Esomeprazole Reduces Ulcer Formation in Patients Taking Prophylactic Aspirin

Internal Medicine World ReportAugust 2006
Volume 0
Issue 0

LOS ANGELES—It has long been established that low-dose aspirin reduces the risk of recurrent events in patients with cardiovascular disease (CVD) or cerebrovascular disease, but that benefit carries a risk of 11% for gastroduodenal ulcer formation. Use of a proton-pump inhibitor (PPI) has been suggested as a possible approach to prevent ulcer formation. Results of a new study presented at Digestive Disease Week indicate that taking the PPI esomeprazole (Nexium) for 6 months along with low-dose aspirin can safely reduce that risk.

Angel Lanas, MD, Gastroenterology Service, Clinical University Hospital, Zaragoza, Spain, investigated the incidence of duodenal ulcers in older patients requiring prophylactic aspirin for CVD or cerebrovascular disease. Patients were recruited from 80 centers in 11 countries.

Helicobacter pylori

To be included in the study, patients had to be ≥60 years and have a condition requiring low-dose aspirin, such as CVD and/or cerebrovascular disease. They also had to be free of current gastrointestinal (GI) symptoms requiring treatment, free of current/active ulcer and reflux esophagitis greater than Los Angeles grade A (mucosal break ≤5 mm in length), and –negative.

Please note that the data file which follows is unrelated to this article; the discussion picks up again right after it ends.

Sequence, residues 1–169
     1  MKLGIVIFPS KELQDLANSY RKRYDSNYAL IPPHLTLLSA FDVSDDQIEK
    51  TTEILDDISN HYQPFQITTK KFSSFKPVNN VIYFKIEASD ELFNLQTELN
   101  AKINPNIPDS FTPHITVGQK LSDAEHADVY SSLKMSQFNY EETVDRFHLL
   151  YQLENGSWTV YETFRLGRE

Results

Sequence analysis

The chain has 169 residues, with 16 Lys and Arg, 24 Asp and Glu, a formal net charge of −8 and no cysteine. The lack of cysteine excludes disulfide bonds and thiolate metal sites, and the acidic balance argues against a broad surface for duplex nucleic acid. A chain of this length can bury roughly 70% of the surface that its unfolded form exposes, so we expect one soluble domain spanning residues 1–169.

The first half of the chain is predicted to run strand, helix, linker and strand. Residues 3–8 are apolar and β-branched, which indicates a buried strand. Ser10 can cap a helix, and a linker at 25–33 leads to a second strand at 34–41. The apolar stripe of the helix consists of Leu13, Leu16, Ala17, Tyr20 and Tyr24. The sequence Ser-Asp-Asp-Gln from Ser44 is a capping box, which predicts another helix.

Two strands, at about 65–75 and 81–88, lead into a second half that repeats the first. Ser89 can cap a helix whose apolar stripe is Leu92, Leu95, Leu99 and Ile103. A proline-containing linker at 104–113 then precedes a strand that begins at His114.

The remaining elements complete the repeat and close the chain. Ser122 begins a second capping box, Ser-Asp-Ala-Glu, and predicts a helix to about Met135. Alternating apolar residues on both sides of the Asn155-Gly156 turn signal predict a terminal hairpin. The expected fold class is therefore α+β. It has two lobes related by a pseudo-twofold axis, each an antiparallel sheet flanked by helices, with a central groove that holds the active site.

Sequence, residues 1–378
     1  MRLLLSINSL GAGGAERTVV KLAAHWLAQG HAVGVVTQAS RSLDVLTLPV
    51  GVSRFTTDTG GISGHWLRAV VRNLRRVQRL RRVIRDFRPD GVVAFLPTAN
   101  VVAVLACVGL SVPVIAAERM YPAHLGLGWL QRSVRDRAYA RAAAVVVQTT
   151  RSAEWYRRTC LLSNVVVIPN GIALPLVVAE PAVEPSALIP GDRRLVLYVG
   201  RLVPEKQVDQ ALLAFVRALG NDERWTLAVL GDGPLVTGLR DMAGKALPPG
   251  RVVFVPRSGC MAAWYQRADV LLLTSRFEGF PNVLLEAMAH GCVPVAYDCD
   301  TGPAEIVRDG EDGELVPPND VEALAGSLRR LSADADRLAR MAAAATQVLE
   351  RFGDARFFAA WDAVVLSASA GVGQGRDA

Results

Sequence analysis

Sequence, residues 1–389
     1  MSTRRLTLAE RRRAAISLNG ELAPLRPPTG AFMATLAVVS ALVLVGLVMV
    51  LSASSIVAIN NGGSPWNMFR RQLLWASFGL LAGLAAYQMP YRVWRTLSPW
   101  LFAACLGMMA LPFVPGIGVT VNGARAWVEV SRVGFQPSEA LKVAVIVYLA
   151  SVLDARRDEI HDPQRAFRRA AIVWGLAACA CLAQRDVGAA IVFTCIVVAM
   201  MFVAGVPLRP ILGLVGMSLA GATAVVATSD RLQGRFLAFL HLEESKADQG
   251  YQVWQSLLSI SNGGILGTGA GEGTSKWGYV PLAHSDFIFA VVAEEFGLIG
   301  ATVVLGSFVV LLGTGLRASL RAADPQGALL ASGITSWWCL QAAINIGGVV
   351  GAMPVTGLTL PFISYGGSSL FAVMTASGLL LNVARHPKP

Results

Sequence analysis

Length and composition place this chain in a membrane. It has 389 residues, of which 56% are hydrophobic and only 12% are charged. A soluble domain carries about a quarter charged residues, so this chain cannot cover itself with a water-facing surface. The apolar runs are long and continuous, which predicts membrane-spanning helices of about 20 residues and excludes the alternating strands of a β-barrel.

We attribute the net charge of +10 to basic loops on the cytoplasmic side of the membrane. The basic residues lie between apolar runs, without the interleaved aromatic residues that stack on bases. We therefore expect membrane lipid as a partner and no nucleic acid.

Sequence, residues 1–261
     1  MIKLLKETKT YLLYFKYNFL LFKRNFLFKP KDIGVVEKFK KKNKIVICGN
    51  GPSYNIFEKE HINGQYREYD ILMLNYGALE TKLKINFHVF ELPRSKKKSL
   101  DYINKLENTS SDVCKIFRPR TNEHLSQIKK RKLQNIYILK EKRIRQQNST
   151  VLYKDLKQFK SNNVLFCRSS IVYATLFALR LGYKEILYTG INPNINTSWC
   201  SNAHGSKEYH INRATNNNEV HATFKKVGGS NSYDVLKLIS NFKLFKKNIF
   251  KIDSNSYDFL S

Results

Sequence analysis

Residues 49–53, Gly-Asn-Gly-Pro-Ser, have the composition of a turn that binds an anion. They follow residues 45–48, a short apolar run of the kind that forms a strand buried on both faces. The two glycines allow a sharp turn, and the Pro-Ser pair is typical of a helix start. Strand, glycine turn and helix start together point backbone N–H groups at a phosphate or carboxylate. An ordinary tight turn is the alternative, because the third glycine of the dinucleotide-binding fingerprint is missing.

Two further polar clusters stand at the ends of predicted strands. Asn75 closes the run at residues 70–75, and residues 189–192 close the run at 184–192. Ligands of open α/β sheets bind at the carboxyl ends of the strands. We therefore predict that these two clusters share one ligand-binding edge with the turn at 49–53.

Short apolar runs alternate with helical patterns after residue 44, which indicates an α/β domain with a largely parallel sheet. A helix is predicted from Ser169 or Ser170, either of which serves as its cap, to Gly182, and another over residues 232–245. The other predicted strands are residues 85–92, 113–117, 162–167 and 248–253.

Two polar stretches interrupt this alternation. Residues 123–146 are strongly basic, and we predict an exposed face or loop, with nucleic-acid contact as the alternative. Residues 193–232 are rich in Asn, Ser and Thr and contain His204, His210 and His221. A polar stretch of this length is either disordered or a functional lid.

At baseline, patients were taking a mean daily aspirin dose of approximately 124 mg. Endoscopy was performed at baseline and at 2 and 6 months.

This double-blind, randomized, parallel-group study included 991 patients aged ≥60 years (mean age, 69 years; 57% men) who were randomized to enteric-coated, low-dose (75-325 mg/d) aspirin plus esomeprazole 20 mg/day, or placebo for 6 months.


Two months after study onset, ulcers had developed in 0.2% of esomeprazole-receiving patients and 2.2% of those taking a placebo. At 6 months, significantly more patients in the esomeprazole group were ulcer free than in the placebo group (98.2% vs 93.8%, respectively; = .007). Among those who did develop ulcers (9 with esomeprazole; 31 with placebo), the size of the ulcer was generally smaller in the esomeprazole group.




Patients assigned to 6-month esomeprazole therapy were also significantly less likely to develop esophageal lesions (81.7% vs 95.6% with placebo; <.001). Dr Lanas noted that &#8220;close to 20% of patients taking aspirin had esophagitis,&#8221; but those taking esomeprazole were significantly less likely to report epigastric burning or discomfort ( = .008) or heartburn ( = .026).

The 20-mg esomeprazole dose was well tolerated in this older population. Among ulcer-free patients, more discontinuations occurred in the placebo group (18.9%) than in the esomeprazole group (13.6%).

Analysis showed that the most significant predictor of GI complications was older age. &#8220;Being 70 years old is a significant risk factor for GI complications,&#8221; Dr Lanas said. &#8220;Among at-risk patients receiving low-dose aspirin, concomitant treatment with esomeprazole is more effective than placebo in prevention of gastroduodenal ulcers and esophageal lesions and lessens the occurrence of GI symptoms.&#8221;


About 11% of patients taking low-dose prophylactic aspirin develop ulcers.

Evidence shows that 6 months of esomeprazole therapy significantly lowers the risk for ulcers.

Esomeprazole therapy also reduces GI symptoms, such as epigastric burning and heartburn.

The 20-mg dose appears safe and well tolerated in this elderly population, which is at increased risk for GI complications.

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